As you drive thru the Wasatch Front down into Utah Valley, you cannot help but be overwhelmed by the tall and majestic mountainside. The valley lies nestled between these mountains and Utah Lake, an ideal setting for one of the greatest Universities on earth (and one of the most unsafe school mascots.) Brigham Young Varsity was set up by the Church of Jesus Christ of Latter Day Saints in 1875.
It is a personal owned University and has an amazing student body of over 35,000 enrolled. Found in Provo, Utah, this faculty has very high standards ( out and out of the study room ). However, the students of Brigham Young College definitely know the way to fun.
If any one knows the meaning of an excellent time, it would be BYU mascot, Cosmo. One of many bushy school mascots in sporting, this cougar made his first appearance in October of 1953. Dwayne Stevenson was the brains behind the mascot. It is said that his name Cosmo sprung from the cosmic forces of the universe helping increase the prowess of the students at BYU.
Cosmo is like other school mascots and takes part in a number of college sports occassions including the prominent Cougar basketball and football teams. This BYU school mascot was joined with a female Cougar named Cosmette once in awhile, but principally keeps the school lively all on his own. Though some students attempted to bring back a live cougar as other institutions have done with their school mascots, Cosmo was too loved to be let go.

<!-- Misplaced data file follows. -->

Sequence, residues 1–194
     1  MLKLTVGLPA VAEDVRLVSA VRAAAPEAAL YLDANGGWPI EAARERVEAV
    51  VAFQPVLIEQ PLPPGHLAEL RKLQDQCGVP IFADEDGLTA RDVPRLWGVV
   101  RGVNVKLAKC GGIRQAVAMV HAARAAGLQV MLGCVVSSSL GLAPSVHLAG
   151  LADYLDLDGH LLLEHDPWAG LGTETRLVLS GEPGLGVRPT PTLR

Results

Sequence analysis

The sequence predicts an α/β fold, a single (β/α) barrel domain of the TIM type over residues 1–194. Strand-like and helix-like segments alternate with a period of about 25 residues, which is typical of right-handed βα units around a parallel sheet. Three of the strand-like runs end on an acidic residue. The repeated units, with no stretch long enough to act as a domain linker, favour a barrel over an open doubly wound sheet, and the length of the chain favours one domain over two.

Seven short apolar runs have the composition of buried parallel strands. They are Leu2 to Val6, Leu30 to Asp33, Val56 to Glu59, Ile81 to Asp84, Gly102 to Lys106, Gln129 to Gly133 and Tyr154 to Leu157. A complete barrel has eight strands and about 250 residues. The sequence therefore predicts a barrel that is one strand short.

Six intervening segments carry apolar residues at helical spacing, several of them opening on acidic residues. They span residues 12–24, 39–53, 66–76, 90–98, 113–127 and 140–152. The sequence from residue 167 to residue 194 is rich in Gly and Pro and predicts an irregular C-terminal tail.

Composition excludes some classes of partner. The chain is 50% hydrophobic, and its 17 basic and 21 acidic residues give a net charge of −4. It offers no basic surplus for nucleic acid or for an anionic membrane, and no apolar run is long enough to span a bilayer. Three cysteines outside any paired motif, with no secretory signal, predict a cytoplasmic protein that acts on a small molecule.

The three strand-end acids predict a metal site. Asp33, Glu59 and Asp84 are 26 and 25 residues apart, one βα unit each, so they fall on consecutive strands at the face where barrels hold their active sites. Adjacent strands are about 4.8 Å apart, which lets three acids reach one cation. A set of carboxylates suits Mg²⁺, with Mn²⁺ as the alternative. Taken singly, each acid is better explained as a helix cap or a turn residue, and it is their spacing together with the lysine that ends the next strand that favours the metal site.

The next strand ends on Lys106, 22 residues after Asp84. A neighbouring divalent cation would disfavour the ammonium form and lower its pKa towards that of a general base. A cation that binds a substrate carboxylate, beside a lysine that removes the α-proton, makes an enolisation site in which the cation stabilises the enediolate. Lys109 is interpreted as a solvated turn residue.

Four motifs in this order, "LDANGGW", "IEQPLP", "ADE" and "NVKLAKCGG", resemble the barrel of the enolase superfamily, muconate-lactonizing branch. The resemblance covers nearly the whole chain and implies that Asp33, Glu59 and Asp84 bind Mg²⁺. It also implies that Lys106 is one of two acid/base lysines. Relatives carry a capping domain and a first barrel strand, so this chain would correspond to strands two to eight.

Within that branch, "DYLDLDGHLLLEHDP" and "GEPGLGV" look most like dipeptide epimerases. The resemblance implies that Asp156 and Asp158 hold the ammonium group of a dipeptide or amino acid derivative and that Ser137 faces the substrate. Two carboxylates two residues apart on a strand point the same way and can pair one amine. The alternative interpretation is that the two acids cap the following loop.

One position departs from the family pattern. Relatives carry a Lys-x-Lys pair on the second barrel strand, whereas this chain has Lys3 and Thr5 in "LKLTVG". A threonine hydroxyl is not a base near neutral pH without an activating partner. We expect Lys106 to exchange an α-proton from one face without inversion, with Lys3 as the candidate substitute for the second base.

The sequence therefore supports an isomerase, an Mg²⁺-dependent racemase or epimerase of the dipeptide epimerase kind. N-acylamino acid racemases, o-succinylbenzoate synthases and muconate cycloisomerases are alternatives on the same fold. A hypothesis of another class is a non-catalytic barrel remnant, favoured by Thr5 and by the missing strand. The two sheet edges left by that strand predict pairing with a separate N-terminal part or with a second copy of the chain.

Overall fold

Driving past BYU you can not help spot the enormous white Y painted on the mountainside. Just as school mascots are, this Y is in integral part of school spirit. Like BYU mascot Cosmo, the Y has a long record all the way back to 1906. Using that same team spirit they are renowned for, students of BYU stood eight feet apart from the base of the hill all the way up to the Y while transporting the material. Though the original intent was to have all three letters on the mountain, the work was so intense that they stopped at Y. Standing 380 feet high and 130 feet wide, it covers just about 33,000 sq. feet. It also remains one of the biggest emblems in the US for a faculty.
One of the most spectacular sights to see the Y lit up at night. There are roughly five nights a year where you’ll find the Y illuminating the valley and campus on which it looks over; homecoming, freshman orientation, Y Days, and August & April graduation ceremonies. This practice started in 1924 during Homecoming, when a hoard of students trailed up the mountain and lit fire to oil soaked mattresses. It was a grand custom then, and still remains today. However, lighting the Y now is done with lights rather than fire, a little more safe and controlled of an environment.
It appears as though there is always something occuring on BYU campus. It hosts a score of performing groups that always seem to put on spectacular performances. In the last 35 years, BYU has performed in all fifty states and over one hundred countries. Quite a feat for a University! Their performances are frequented over TV and radio as well. Between the performing groups, the fun campus life and great school mascots, BYU students stay upbeat and enthused year round.
When Greg Peterson attended High School he was a High Honors student where he graduated with 4.0. He got his BA in Language Arts at UofU. He is now writing for web marketing.